Bloomberg reported that the twin billionaires Tyler and Cameron Winklevoss provided personal financial support of $100 million to their cryptocurrency exchange, Gemini Trust Co, to help it survive the market decline.
According to sources, Gemini had attempted to secure funding from external investors in the preceding months without success.
Data from research firm PitchBook revealed venture funding for cryptocurrency startups had experienced a significant decline of 80 percent. The funding dropped to $2.4 billion in the first quarter of this year compared to the same period last year.
During the crypto bear market, Gemini has faced its own difficulties. This ordeal is in stark contrast to November 2021, when the company raised $400 million and attained a valuation of $7.1 billion.
EXCLUSIVE: Gemini founders Tyler and Cameron Winklevoss have lent $100 million to the crypto platform https://t.co/owaGrepngE
— Bloomberg (@business) April 10, 2023
The collapse of FTX also forced crypto lender Genesis Global Holdco to file for bankruptcy, severely impacting Gemini. Genesis was the only partner of Gemini on its Gemini Earn lending product.
When Genesis froze withdrawals in November, Gemini paused redemptions on Earn accounts. This move led to $900 million of customer funds being locked up, creating tension between the Winklevoss twins and the CEO of Digital Currency Group Barry Silbert — the parent company of Genesis.
In February, the parties agreed to resolve the dispute, in which Gemini would provide up to $100 million. However, the loan from the Winklevoss twins is separate from this agreement and is intended to fund operations, according to a person familiar with the matter.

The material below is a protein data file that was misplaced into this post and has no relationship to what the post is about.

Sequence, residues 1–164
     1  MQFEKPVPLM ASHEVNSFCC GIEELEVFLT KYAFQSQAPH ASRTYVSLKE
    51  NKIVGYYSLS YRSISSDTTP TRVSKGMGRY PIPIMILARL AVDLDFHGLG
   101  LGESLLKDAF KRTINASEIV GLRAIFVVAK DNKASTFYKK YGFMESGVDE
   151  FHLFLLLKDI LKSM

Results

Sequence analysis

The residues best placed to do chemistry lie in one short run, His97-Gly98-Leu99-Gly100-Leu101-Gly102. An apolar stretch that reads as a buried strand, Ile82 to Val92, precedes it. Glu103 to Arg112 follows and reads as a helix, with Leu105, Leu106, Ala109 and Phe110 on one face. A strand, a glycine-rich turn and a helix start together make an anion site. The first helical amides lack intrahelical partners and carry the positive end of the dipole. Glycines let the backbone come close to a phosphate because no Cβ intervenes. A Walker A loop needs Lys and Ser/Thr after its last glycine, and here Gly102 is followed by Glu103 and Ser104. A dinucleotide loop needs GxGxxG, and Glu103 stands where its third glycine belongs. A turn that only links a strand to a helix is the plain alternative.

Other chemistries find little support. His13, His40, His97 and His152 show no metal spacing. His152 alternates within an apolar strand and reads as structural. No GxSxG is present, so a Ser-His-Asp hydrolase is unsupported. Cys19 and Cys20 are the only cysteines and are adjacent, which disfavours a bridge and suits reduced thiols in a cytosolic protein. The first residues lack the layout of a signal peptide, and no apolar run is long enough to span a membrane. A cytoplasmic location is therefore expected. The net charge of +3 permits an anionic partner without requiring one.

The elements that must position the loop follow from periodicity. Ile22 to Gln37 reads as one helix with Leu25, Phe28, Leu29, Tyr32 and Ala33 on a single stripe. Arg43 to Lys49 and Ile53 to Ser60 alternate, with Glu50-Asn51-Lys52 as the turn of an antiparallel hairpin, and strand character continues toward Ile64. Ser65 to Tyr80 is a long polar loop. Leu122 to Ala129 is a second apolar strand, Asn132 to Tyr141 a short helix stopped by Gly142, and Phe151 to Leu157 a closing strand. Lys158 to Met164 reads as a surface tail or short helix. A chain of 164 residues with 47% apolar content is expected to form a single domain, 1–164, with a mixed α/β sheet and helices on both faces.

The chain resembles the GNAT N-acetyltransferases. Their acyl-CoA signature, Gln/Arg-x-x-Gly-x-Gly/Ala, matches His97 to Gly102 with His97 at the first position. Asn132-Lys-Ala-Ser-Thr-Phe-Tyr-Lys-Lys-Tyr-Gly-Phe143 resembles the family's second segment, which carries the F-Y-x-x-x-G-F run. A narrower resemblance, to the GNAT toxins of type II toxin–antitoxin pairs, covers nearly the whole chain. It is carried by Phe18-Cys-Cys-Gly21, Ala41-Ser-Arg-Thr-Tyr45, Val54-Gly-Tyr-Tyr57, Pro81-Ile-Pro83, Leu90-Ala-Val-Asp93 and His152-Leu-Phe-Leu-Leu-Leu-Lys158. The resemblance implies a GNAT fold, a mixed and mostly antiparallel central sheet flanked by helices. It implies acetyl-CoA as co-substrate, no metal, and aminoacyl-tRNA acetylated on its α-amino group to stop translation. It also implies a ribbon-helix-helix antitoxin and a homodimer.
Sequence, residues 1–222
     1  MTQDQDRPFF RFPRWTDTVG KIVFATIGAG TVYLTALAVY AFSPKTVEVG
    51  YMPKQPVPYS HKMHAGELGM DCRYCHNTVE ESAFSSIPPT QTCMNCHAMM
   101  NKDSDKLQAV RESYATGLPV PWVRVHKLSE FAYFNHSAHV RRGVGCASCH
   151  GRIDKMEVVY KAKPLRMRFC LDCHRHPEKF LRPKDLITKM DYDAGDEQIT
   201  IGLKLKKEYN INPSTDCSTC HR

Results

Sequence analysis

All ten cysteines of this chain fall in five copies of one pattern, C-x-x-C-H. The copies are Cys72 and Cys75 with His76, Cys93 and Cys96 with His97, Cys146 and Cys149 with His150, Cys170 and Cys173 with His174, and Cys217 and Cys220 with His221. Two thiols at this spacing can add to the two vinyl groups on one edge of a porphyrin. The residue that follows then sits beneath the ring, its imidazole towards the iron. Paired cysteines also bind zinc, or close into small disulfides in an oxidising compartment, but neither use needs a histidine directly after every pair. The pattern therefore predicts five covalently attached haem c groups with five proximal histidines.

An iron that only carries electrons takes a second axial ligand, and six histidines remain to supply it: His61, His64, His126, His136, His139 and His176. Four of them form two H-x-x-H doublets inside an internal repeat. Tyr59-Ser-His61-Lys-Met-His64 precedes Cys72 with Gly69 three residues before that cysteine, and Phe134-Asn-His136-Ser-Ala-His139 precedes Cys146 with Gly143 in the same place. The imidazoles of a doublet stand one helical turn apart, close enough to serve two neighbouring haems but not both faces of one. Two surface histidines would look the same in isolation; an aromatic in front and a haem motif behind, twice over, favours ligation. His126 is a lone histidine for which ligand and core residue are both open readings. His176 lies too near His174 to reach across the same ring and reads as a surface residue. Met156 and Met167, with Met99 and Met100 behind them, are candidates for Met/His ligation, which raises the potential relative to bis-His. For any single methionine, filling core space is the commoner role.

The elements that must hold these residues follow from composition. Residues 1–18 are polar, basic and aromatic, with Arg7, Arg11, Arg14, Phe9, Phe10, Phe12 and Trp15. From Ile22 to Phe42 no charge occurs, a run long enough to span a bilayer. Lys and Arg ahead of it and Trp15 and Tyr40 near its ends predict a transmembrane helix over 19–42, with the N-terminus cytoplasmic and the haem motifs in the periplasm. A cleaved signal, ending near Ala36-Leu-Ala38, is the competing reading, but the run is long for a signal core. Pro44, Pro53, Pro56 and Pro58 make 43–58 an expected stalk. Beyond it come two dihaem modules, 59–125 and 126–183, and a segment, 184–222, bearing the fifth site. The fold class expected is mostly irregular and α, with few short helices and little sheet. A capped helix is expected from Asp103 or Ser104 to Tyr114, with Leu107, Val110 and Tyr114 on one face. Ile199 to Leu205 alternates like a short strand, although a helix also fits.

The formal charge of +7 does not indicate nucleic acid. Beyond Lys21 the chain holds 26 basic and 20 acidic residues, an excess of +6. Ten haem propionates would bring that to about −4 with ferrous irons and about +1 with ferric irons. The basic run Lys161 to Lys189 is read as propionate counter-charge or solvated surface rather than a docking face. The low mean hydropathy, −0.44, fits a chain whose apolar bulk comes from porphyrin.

Gemini faces lawsuits
Earlier this year, the U.S. Securities and Exchange Commission accused Gemini and Genesis of offering unregistered securities through their Earn program.
SEC officials stressed that Genesis had an obligation to register its Earn program as a securities offering. Chair Gary Gensler further explained that these charges are designed to reinforce previous regulatory actions.
These charges also aim to inform “crypto lending platforms and other intermediaries” that they must comply with the well-established securities laws. After all, Gemini’s Earn program significantly affected 340,000 investors.
The regulatory agency claimed that from January to March 2022, Gemini made $2.7 million in agent fees while using client funds for various lending activities and as collateral for personal borrowing.
— TradingView (@tradingview) December 31, 2019
Tyler criticized the agency and accused them of issuing a baseless charge. He said the Gemini team had been in discussions with the regulator for over a year before the enforcement action was taken.
This statement is similar to that of Coinbase, whose chief legal officer said they had met with SEC representatives “more than 30 times over nine months” but still received a notice.
Besides the ongoing SEC investigation, the founders and two directors of Gemini and BlockFi have also been sued by investor Trey Greene in the U.S. District Court for the District of New Jersey on February 28.
The allegations include violating consumer fraud and exchange acts, breaching their fiduciary duties and offering and selling unregistered securities.
Greene said he invested more than $1.5 million in interest accounts that he claims are unregistered securities, earning over $400,000 in capital gains. However, he could not withdraw his funds as BlockFi froze all withdrawals on November 10, the same day FTX filed for bankruptcy.
According to the claims, Gemini was responsible for safeguarding the cryptocurrency holdings of BlockFi’s clients through its custodial services. However, the company is accused of misrepresenting the accessibility of these funds to customers.
Greene demanded compensation for every alleged offense. These included three times the damages for breaking the consumer fraud act, payment of legal fees, a complete return of all the funds and the accrued interest received by the defendants and a verdict prohibiting similar breaches of the consumer fraud act.